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How to Plan a Successful Family Naturalist Picture-taking Adventure
If you’re looking for a fun and educational activity to do with your family, consider going on a naturalist picture-taking adventure. Not only will you get to spend quality time together in nature, but you’ll also capture some amazing photos of the flora and fauna around you. In this article, we’ll give you some tips on how to plan a successful family naturalist picture-taking adventure.
Choosing Your Location
The first step in planning your family naturalist picture-taking adventure is choosing the right location. Look for places that are known for their biodiversity such as national parks, wildlife preserves, or botanical gardens. You can also do some research online or ask local experts for recommendations.
Once you’ve chosen your location, research the best times of day to visit and any specific areas where you’re likely to find interesting subjects for your photos. Make sure everyone in your group is aware of any safety precautions or rules that need to be followed while visiting the area.
Gear Up for Success
To make sure you’re prepared for your naturalist picture-taking adventure, it’s important to have the right gear. You’ll want to bring a camera (or phones with high-quality cameras) with plenty of storage space and batteries fully charged. A tripod can also be helpful in stabilizing shots and ensuring sharpness.
Consider purchasing field guides or downloading apps that will help identify plants and animals in the area. Binoculars can also come in handy when trying to spot wildlife from afar.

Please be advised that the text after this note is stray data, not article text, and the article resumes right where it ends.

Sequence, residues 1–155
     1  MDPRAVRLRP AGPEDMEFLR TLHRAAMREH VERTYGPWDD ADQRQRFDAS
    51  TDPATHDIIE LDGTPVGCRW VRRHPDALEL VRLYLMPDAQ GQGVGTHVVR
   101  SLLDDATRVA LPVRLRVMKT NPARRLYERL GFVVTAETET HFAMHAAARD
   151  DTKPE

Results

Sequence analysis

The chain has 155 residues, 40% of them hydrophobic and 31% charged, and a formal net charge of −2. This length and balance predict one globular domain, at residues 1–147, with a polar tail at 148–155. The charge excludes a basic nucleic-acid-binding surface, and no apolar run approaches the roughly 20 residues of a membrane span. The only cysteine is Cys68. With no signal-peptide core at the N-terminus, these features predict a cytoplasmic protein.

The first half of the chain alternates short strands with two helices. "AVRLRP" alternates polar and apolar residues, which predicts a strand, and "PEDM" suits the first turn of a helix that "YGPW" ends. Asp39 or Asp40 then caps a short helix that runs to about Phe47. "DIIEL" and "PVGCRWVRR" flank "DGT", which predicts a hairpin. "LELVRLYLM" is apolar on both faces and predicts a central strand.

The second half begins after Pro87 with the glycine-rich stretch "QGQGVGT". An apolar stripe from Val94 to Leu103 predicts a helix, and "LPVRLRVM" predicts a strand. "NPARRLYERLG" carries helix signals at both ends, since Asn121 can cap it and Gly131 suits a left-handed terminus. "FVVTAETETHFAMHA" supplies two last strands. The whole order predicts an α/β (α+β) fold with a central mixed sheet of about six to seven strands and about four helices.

It’s also important to dress appropriately for the weather conditions and terrain of your chosen location. Wear comfortable shoes with good traction and bring sunscreen, insect repellent, and plenty of water.
Capture Your Shots
When taking pictures on your naturalist adventure, remember that patience is key. Take time observing your environment before snapping shots; watch how light and shadows play with your subjects and try to capture their natural behaviors without disturbing them.
Don’t be afraid to experiment with different angles and compositions. Try shooting from ground-level or bird’s-eye view, or focus on small details like the texture of tree bark or the symmetry of a flower.
Share Your Experience
After your family naturalist picture-taking adventure, take some time to review your photos together. Talk about what you saw and learned during your trip. Share your favorite shots with friends and family, or consider submitting them to online nature photography communities.
Not only will you have some amazing pictures to remember your adventure by, but you’ll also have created memories that will last a lifetime.
This text was generated using a large language model, and select text has been reviewed and moderated for purposes such as readability.
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Family business succession planning tips.
Family business succession planning can feel overwhelming, but it’s a critical activity if you want the company to endure for generations.
If you want to shift ownership to one or more of your family members, a variety of strategies can be used to make a transfer.
Transition options that potentially minimize the tax impact include using a gifting strategy and establishing a trust to avoid transfer taxes.
When you started your business, you envisioned it enduring for generations. And it can—but family business longevity relies on you developing smart business transition strategies now.